Burns, Leslie David. “On Being Unreasonable: NCTE, CEE, and Political Action.” English Education 39.2 (2007): 120-143.
Leslie Burns starts out with a quote from George Bernard Shaw in which he states: “The reasonable man adapts himself to the world; the unreasonable one persists in trying to adapt the world to himself. Therefore all progress depends on the unreasonable man” (Burns 120). Framing her argument with Lackoff’s description of what literacy education should include, Burns advocates using a “moral nurturing” pedagogy as opposed to one rooted in elitist and hierarchical “strict father” model of teaching. Though she acknowledges that the professional organizations associated with our field have made strides toward embodying a true rhetoric of political activism and social change, she believes that CEE and NCTE need to do more to advance social justice in the public sphere, particularly when it comes to state-imposed literacy mandates.
She highlights the increasingly aggressive and regulatory strategies the government has used to sublimate linguistic diversity and inclusive Englishes, and cites our discipline’s modesty and compliance as a problem. She claims that “…no one should be seen to know more about the teaching and learning of English than literacy teachers, a group that includes classroom teachers, literacy educators and researchers, and English language arts teacher educators and researchers from all levels” (137), and opines that we are in a prime position as insiders on the outside of the policy making sphere and that this unique positioning may mean that we are “freer to act now than ever before” (142). She asserts that the critical mass of literacy experts which we have amassed within our discipline should recognize that acting unreasonably and persistently will be the only way we can ever hope to “change the world.”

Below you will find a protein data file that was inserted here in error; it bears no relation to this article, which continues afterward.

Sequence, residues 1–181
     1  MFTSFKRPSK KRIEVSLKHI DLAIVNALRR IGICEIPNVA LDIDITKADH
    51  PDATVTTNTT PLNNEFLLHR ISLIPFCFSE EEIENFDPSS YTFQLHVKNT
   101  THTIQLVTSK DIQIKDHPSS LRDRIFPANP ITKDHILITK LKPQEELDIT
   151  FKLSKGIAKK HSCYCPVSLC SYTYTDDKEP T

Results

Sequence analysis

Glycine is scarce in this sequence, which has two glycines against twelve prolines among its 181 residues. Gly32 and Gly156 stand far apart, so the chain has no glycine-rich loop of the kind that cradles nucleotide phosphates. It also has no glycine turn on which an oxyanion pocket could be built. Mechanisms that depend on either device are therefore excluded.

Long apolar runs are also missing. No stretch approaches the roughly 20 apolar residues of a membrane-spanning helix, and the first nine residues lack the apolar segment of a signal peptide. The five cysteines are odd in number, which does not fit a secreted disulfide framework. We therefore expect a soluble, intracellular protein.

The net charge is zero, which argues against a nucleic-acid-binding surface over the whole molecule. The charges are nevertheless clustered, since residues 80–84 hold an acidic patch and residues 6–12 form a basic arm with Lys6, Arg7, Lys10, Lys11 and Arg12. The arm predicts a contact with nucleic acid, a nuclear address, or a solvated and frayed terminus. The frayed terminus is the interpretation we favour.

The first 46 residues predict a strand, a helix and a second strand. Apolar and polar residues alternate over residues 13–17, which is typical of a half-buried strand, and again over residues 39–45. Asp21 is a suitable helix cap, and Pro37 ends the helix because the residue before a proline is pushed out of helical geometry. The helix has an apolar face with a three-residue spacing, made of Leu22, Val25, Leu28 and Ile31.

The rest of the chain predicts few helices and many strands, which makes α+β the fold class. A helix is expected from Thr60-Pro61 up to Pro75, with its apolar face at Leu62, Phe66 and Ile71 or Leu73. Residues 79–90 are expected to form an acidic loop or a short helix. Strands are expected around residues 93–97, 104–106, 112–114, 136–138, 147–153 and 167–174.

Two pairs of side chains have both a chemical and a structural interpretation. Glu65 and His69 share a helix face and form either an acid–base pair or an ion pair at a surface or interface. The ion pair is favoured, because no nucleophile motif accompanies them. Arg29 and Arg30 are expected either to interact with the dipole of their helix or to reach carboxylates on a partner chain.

107-Institutional and Professional; 112-Community, Civic and Public
History; Historiography; Theoretical framework; Call to action against mere calls to action; Call for professional stability, unity, organization, and to somehow usurp the federally lucrative educational system using a “moral nurturing” rhetoric.
Most Valuable Citations:
HGiroux AGramsci GLackoff
“In literacy education, nurturant morality is the keystone of an ethical liberal philosophy (Kuchapski, 2002) emphasizing individual capacity, social diversity, student-centered education, experience-based curricula, constructivist pedagogies, collaborative relationships, a focus on progress, decentralized decision-making, and local government” (121).
“It is not simply the case that members of the US Department of Education have taken political positions that undercut professional teachers’ more significantly, these individuals participate in a systematic movement to frame discourse about education in ways that permeate public conversations” (124).
“While NCTE has spent considerable energy calling for action, it has not provided constituents with with re-framed ideas necessary for them to take control of conversations and activate their own progressive nurturant frames in the minds of others” (128).
“NCTE’s reasonable measured response demonstrates the way in which accepting the strict father frames of its opposition has lead to an acceptance, however reluctant, of NCLB even though it is an anti-public education and anti-teacher mandate” (129).